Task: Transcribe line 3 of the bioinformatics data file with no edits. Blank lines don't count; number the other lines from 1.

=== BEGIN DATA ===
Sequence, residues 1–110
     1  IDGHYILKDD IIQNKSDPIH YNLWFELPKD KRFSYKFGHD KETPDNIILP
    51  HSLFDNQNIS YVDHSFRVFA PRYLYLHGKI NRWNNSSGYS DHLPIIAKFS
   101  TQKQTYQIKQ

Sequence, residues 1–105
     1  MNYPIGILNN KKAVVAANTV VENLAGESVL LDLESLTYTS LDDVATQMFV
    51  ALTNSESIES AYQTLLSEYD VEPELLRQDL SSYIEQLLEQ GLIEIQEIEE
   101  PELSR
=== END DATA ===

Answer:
    51  HSLFDNQNIS YVDHSFRVFA PRYLYLHGKI NRWNNSSGYS DHLPIIAKFS